Study of Mojave plots shows arid areas absorb large amounts of atmospheric carbon

Mojave desert

Mojave desertResearchers have found that arid areas, among the biggest ecosystems on the planet, take up an unexpectedly large amount of carbon as levels of carbon dioxide increase in the atmosphere.

The findings, published in the journal Nature Climate Change, give scientists a better handle on the Earth’s carbon budget—how much carbon remains in the atmosphere as CO2, contributing to global warming, and how much gets stored in the land or ocean in other carbon-containing forms.

Obtaining the results required a novel 10-year experiment in which researchers exposed plots in the Mojave Desert to elevated carbon-dioxide levels similar to those expected in 2050. The researchers then removed soil and plants down to a meter deep and measured how much carbon was absorbed.

Derek Sonderegger, assistant professor of mathematics and statistics at Northern Arizona University, used his expertise to help analyze data drawn from the materials.

“This was an extremely expensive experiment to run so the sample sizes were small,” Sonderegger said. “The statistical work to get as much information as possible out of the data was pretty gnarly. Having a huge amount of data but very few replicates was exciting but difficult to deal with.”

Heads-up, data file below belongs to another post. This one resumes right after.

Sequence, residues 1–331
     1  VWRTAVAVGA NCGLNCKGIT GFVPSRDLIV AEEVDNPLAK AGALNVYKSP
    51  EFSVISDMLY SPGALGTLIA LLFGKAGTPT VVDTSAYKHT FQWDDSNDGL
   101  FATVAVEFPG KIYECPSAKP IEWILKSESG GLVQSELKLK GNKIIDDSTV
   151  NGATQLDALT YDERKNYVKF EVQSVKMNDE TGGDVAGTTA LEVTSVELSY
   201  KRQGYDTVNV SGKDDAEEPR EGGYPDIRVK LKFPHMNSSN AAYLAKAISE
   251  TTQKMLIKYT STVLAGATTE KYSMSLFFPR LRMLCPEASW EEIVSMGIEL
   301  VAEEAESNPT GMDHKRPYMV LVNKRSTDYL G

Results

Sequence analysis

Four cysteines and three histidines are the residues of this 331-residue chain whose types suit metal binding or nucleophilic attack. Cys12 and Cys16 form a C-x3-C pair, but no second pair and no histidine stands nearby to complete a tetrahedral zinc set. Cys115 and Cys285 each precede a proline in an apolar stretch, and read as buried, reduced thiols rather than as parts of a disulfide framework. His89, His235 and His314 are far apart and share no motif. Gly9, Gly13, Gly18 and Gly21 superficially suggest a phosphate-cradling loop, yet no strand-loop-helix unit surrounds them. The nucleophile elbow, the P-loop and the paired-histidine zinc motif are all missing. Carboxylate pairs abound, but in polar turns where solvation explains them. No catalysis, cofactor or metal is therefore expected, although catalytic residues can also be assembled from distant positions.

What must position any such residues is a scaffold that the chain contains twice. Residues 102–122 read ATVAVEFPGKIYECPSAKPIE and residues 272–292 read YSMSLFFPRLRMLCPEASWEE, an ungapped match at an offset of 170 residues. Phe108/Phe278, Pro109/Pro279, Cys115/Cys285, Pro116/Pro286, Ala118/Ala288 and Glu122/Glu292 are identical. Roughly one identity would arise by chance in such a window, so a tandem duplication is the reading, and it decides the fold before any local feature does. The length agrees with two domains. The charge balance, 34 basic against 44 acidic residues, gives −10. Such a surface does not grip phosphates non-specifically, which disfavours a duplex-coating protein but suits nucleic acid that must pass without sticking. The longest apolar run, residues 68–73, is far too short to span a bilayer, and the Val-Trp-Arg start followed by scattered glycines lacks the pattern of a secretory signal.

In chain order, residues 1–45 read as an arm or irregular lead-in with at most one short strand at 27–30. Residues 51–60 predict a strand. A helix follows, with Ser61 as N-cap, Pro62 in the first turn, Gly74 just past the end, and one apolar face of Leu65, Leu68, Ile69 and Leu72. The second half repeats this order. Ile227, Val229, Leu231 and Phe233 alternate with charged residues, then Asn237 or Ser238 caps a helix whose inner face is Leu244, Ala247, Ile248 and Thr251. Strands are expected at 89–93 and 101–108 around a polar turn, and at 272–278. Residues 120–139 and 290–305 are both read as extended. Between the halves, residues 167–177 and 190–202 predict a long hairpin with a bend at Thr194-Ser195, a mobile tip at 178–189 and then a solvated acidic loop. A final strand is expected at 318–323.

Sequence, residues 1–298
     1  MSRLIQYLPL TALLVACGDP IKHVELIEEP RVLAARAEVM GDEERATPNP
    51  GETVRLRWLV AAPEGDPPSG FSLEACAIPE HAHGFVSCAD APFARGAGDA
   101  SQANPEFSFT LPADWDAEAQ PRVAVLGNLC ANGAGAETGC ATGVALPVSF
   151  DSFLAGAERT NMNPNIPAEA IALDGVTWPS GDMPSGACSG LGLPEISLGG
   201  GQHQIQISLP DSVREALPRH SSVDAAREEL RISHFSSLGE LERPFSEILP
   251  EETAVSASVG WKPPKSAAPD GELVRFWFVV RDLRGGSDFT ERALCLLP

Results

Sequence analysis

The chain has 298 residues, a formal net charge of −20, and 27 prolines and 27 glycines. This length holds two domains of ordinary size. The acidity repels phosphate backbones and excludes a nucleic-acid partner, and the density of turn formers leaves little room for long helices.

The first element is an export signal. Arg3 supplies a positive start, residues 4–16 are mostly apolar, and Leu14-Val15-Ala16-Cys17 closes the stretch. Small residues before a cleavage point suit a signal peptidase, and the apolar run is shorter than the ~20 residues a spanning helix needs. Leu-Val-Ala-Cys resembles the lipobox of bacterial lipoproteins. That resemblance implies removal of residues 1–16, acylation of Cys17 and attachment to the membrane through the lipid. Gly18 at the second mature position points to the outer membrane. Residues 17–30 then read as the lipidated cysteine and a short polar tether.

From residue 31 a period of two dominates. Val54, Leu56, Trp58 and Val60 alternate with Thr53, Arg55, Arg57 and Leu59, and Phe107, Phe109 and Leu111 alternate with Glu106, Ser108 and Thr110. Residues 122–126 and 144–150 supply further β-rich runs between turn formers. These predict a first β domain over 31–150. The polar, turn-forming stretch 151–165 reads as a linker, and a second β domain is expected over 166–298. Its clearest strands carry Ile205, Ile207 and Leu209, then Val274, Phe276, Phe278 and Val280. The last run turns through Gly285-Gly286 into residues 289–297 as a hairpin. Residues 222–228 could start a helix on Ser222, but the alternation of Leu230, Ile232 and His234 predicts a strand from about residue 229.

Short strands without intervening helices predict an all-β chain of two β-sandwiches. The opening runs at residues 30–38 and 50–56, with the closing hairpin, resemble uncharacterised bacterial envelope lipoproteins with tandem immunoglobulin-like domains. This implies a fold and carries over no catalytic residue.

The research addresses one of the big unknowns of global warming: the degree to which land-based ecosystems absorb or release carbon dioxide as it increases in the atmosphere.

Receiving less than 10 inches of rain a year, arid areas run in a wide band at 30 degrees north and south latitude. Along with semi-arid areas, which receive less than 20 inches of rain a year, they account for nearly half the Earth’s land surface.

Forest soils have more organic matter and, square foot for square foot, hold much more carbon. But because arid soils cover so much area, they can have an outsize role in the Earth’s carbon budget and in how much the Earth warms as heat-trapping gases accumulate in the atmosphere.

The idea for the experiment originated with scientists at Nevada’s universities in Reno and Las Vegas and the Desert Research Institute. R. Dave Evans, a Washington State University professor of biological sciences specializing in ecology and global change, was brought in for his expertise in nutrient cycling and deserts, while Sonderegger and researchers at the University of Idaho, Arizona State University and Colorado State University also contributed.